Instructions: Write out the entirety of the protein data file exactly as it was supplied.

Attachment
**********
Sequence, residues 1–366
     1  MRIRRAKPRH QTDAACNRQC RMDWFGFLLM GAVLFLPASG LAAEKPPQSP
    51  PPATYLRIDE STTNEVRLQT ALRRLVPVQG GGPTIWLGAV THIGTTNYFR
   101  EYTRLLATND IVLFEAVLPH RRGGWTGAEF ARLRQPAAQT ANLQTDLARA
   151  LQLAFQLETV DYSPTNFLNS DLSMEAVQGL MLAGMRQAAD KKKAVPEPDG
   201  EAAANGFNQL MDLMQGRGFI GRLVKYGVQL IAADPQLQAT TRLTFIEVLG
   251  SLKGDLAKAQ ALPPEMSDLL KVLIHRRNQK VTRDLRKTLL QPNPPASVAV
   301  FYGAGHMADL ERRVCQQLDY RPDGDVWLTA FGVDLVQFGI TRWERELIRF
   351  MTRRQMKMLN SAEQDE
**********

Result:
Sequence, residues 1–366
     1  MRIRRAKPRH QTDAACNRQC RMDWFGFLLM GAVLFLPASG LAAEKPPQSP
    51  PPATYLRIDE STTNEVRLQT ALRRLVPVQG GGPTIWLGAV THIGTTNYFR
   101  EYTRLLATND IVLFEAVLPH RRGGWTGAEF ARLRQPAAQT ANLQTDLARA
   151  LQLAFQLETV DYSPTNFLNS DLSMEAVQGL MLAGMRQAAD KKKAVPEPDG
   201  EAAANGFNQL MDLMQGRGFI GRLVKYGVQL IAADPQLQAT TRLTFIEVLG
   251  SLKGDLAKAQ ALPPEMSDLL KVLIHRRNQK VTRDLRKTLL QPNPPASVAV
   301  FYGAGHMADL ERRVCQQLDY RPDGDVWLTA FGVDLVQFGI TRWERELIRF
   351  MTRRQMKMLN SAEQDE